Why Doctors Are Prescribing Social Connection

Science has shown that connection and social support are essential to our health – so essential that doctors are now prescribing it like a drug. Here’s why.

As humans we need connection, just like we need oxygen and water. Even for the most introverted among us, social connection is vital to our physical and mental health.

Lack of social support and not feeling connected to others has been linked to many chronic illnesses.

‘Social prescription’ is being used by doctors around the world, particularly for marginalised communities who struggle to access social services.

In this context, social prescription involves linking the patient with activities and services provided by community organisations, in a way that is trackable and measurable. It’s accepted in community health as a preventative and early-intervention service.

Research shows that it works. In Britain, social prescribing is a formal part of the National Health Service. An Australian literature review found it reduces chronic disease, depression and suicidal behaviour, reliance on medication and substance abuse, while improving social confidence, physical and mental wellbeing, sense of purpose and health self-management.

How social prescribing can work for you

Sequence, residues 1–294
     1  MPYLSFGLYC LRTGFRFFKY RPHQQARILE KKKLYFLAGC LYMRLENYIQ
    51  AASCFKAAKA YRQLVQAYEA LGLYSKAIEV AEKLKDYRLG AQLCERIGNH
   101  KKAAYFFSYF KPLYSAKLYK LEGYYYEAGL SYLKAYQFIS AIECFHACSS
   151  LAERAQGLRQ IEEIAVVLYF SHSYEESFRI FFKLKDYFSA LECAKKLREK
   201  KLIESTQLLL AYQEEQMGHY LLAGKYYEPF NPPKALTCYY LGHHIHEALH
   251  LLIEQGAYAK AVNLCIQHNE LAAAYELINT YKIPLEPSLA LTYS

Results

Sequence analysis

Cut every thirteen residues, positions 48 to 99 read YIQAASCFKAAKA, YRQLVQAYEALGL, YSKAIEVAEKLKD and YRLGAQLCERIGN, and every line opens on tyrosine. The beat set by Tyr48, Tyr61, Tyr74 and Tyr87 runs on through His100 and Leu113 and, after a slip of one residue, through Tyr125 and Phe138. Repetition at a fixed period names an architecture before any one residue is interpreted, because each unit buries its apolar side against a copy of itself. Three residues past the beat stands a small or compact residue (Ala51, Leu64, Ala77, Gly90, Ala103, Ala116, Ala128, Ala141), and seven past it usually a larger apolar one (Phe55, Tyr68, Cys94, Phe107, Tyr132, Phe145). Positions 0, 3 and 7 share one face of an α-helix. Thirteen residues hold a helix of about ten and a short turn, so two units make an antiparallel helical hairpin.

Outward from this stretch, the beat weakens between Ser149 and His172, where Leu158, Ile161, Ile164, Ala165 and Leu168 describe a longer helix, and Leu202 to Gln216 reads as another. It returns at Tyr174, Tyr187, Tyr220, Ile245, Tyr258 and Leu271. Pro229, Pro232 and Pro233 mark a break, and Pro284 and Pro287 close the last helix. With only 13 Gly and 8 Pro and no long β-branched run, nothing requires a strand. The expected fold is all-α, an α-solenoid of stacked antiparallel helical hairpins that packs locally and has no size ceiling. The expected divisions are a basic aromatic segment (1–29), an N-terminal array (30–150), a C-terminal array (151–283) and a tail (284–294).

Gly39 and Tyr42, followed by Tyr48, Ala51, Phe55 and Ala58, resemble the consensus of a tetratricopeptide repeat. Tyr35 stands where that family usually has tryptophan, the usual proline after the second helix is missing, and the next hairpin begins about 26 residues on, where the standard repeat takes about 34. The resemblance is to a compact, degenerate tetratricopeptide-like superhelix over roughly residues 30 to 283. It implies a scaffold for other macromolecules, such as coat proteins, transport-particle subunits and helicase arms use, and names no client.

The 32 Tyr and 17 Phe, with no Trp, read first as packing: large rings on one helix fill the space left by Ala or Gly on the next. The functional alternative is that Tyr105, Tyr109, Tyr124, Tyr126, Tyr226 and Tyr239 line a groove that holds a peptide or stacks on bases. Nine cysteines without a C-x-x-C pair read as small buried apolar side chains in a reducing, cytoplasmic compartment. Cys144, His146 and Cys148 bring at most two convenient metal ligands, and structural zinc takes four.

You might not necessarily need help with linking to community services, but you might benefit from permission to socialise more.

For many of us, a doctor’s ‘prescription’ gives us both permission AND accountability. With a prescription for social connection, you won’t need to justify it, but embrace it as part of your health care plan.

Too often, we put socialising way down the list of things to do. We get caught up in the necessities of work, housework and caring for children or ageing parents. We try to find time for exercise and preparing good food, but catching up with friends, or joining a hobby group, can sometimes seem like a luxury.

What if you prioritised social connection, in the same way you prioritise drinking water, or getting exercise, or taking daily medication?

What if you scheduled it into your day as a non-negotiable?


Action item:

1. Next time you plan your weekly schedule, add in non-negotiable time for connecting and socialising with others. Make it fun!

2. If you think you need more permission or accountability to make this happen, consider raising it with your doctor during your next visit, and ask them to prescribe it for you on a formal prescription pad. It will do wonders for your health!